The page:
Lisa Perry "Hello"print cotton kimono top and footed pants.

Lisa Perry is working her relationship with Barneys New York, the retailer owned by her husband and hedge funder Richard.

The designer expanded her signature Sixties aesthetic to babies with Little Lisa Perry — she became a grandmother last year when her daughter gave birth to Sage. Perry is also muscling into Chelsea Passage, Barneys’ home area, with table top, among other products.

Meanwhile, Barneys has begun presenting Perry’s ready-to-wear collection alongside other items in her orbit, such as the stationery and place mats she designed. Perry declined to discuss sales volume.

“They’re making a little world of Lisa Perry,” the designer said. “I’m in all the stores and online. Everything is exclusive to Barneys. That’s the direction I chose.”

Perry, who celebrated her 10th year in business in 2017, closed her last freestanding store on Madison Avenue and 77th Street in 2016. She had a wholesale business, selling to stores such as Bloomingdale’s, before focusing on Barneys about two years ago.

Perry said she identified a need for baby clothes when she started shopping for Sage. “I was looking at everything and saw a great opportunity,” she said. “Infantwear is gorgeous. There’s some beautiful things. It’s funny, people still do pastel pink for the girls and baby blue for the boys. Yellow seems to have gone away. I thought it would have changed since my kids were born.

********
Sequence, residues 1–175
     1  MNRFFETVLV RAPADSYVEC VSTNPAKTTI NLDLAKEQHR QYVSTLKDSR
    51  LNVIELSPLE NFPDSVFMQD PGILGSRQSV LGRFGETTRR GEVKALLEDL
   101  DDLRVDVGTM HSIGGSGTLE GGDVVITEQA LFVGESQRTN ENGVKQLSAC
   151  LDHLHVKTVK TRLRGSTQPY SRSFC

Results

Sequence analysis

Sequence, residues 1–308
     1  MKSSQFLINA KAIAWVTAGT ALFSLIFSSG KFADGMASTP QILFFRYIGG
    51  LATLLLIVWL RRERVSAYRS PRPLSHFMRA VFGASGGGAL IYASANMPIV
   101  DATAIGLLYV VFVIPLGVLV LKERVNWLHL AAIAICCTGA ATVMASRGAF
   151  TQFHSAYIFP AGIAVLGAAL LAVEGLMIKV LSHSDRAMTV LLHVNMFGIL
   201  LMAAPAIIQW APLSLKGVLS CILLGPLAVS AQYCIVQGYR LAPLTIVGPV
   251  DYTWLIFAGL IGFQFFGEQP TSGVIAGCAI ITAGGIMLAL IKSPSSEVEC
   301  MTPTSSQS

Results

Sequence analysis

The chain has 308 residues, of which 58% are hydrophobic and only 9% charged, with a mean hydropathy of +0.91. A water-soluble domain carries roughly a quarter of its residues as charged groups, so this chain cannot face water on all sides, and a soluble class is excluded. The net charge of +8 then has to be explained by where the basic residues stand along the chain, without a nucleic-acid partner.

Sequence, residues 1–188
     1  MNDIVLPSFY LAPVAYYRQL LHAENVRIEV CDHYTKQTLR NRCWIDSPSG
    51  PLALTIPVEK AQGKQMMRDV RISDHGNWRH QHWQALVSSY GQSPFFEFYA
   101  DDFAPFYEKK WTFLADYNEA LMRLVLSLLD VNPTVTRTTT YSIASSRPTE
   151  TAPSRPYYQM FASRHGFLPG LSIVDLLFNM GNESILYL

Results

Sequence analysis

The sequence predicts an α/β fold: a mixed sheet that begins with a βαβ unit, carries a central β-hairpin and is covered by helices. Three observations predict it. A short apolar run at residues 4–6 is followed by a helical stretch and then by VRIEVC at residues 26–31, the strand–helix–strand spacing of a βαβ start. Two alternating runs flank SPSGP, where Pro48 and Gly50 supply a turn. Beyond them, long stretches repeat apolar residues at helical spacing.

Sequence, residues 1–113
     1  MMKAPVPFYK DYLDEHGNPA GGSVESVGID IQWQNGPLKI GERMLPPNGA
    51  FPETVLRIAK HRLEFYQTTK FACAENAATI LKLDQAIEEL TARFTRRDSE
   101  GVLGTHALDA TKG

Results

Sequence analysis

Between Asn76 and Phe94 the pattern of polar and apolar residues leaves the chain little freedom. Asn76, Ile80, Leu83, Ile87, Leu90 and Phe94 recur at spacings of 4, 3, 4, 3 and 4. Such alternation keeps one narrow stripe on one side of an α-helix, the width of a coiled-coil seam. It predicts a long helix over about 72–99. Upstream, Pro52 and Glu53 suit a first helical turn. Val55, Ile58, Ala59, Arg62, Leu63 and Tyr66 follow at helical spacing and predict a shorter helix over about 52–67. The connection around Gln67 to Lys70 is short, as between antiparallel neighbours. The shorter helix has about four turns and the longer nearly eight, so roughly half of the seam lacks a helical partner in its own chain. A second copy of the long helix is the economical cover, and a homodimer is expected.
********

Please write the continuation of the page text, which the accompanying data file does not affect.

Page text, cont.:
“I thought it would be fun to do a more unisex collection,” Perry added. “Either a boy or girl can wear it and it’s very cute.”

Perry, who loves primary colors, said she was inspired by a book about Piet Mondrian for the infant line. “I love white on babies,” she said. “I added touches of red, blue and yellow. There are little geometric shapes and the multicolored snaps are a fun touch. It all has my signature dot.”

The word “hello” is printed across the front of one of the styles. It also appears on a blanket. “I like hello,” Perry said. “When I give baby gifts I say, ‘Hello world.’ I’ve had hello in my collection for so long.” Price range from $30 for a cotton embroidered hat to $85 for a cotton kimono top and footed pants.

Perry plans to give pajamas some graphic discipline. “I’ve been seeing jammies with these wild prints,” she said. “I’m going to do some cute jammies. Other things I want to do? I’d really love to do a children’s book. It would be so fun to write. I like the idea of a mobile hanging over the crib. One with my shapes could be so cute. The children’s gift and toy area with my aesthetic could be big.”

Lisa Perry girls’ dresses, shrunken down versions of the designer’s adult dresses, come in sizes two to 10 under the Little Lisa label.

Perry launched into the home arena with circular-shaped place mats decorated with splattered paint a la Jackson Pollock. She’s expanding into table top, blankets and pillows and has a stationery and notebook collaboration with Connor featuring circles and squares in primary colors on covers.

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